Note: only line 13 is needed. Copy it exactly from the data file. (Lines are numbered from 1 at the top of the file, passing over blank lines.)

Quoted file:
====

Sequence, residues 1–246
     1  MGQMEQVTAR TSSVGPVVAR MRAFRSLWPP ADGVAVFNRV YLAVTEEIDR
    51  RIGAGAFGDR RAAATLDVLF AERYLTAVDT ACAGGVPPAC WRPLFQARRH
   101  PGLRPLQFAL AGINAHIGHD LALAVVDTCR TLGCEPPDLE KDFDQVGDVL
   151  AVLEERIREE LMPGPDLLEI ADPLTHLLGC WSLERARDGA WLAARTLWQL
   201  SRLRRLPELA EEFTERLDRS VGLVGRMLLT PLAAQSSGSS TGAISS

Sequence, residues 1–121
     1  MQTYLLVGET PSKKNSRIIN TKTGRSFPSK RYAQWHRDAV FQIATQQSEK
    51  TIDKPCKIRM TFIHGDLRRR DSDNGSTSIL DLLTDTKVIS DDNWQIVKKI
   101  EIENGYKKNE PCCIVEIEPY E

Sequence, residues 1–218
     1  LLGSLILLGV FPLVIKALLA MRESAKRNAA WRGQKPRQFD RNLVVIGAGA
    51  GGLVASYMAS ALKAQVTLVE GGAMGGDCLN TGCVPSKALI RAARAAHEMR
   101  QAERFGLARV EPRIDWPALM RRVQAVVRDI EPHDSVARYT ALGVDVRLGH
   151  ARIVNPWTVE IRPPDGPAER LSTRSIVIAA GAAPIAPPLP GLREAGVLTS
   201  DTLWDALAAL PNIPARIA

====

    51  GGLVASYMAS ALKAQVTLVE GGAMGGDCLN TGCVPSKALI RAARAAHEMR